A beautiful azalea from the Biltmore estateI just read a guest post on ElegantThemes by a designer who bemoans his client’s input. The author posts a few examples of painful feedback from clients. His overall attitude is something like, “how dare my client question my judgment. I am an experienced designer, and they are not!” His solution was to find better ways to exclude his client from the design process.

I find that an incomprehensible approach to design, one that is contrary to the purpose of website design, which is, after all, communication. It’s almost always guaranteed that a business owner,  your client, knows more about their business than you, the designer. It’s the designer’s job to acquire an understanding of the business goals, and to help the customer achieve them. It is also the designer’s job to explain why one design choice is better than another, and to educate the client on how you are meeting their needs.

My comment on the thread was this:

If you are designing websites solely based on your feelings, and if you have no way to articulate the rationale behind your design choices, or why one choice works better than another, then your design education is sorely lacking. It is unreasonable to tell your client not to express their opinion or desires. Rather than fire your client, you might ask yourself why you have a client at all. You are not painting a pot of flowers. You are creating a platform of communication for your client to speak with their own customers.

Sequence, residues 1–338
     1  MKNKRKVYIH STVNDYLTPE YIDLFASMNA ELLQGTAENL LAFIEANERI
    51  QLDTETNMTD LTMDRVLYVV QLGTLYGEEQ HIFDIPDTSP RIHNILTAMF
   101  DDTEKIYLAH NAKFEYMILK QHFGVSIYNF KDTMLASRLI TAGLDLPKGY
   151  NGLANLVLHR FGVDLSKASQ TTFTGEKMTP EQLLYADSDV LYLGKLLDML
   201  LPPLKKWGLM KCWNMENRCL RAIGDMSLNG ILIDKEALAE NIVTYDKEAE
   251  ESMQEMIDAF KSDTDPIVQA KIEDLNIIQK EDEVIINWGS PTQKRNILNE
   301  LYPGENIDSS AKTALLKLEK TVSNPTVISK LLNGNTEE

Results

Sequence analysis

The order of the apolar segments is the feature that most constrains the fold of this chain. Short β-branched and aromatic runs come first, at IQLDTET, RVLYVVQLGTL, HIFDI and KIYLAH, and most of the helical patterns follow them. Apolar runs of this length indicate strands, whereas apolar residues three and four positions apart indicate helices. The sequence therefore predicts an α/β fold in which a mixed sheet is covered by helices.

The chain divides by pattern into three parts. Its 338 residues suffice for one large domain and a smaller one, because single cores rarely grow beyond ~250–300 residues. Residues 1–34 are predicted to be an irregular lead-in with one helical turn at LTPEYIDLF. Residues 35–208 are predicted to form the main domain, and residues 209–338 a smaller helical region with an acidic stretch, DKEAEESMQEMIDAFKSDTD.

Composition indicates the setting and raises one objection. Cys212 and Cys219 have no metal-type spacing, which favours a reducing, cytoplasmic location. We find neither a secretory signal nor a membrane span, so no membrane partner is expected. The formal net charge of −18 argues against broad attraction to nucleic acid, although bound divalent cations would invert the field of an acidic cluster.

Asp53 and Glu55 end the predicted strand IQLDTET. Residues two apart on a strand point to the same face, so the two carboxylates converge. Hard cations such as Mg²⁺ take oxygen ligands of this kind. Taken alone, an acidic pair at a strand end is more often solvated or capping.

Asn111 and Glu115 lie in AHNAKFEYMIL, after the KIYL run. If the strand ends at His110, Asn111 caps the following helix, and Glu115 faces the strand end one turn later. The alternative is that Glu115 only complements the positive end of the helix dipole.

Everyone, especially my client, has a right and an obligation to express their views and preferences. When there is too much difference between what the client wants and the best judgment of the designer, then they should part ways. In my practice as a web developer/designer, I have no difficulty in talking about why I made a particular choice, and if my client has an idea, it is my obligation to consider it, evaluate it, and either execute it, or explain why it isn’t the best choice.

There are many competing goals when creating a website, and foremost is value, and cost-effectiveness. Petty choices may be trivial, and not worth paying me for the time to incorporate them. I have no problem explaining the rationale for design choices. This is another reason why I prefer not to set a fixed price on a project, but rather, to offer a solid estimate, and provide a range of what the cost will be. This enables my clients to understand where their money is going, and what value they are achieving by my work.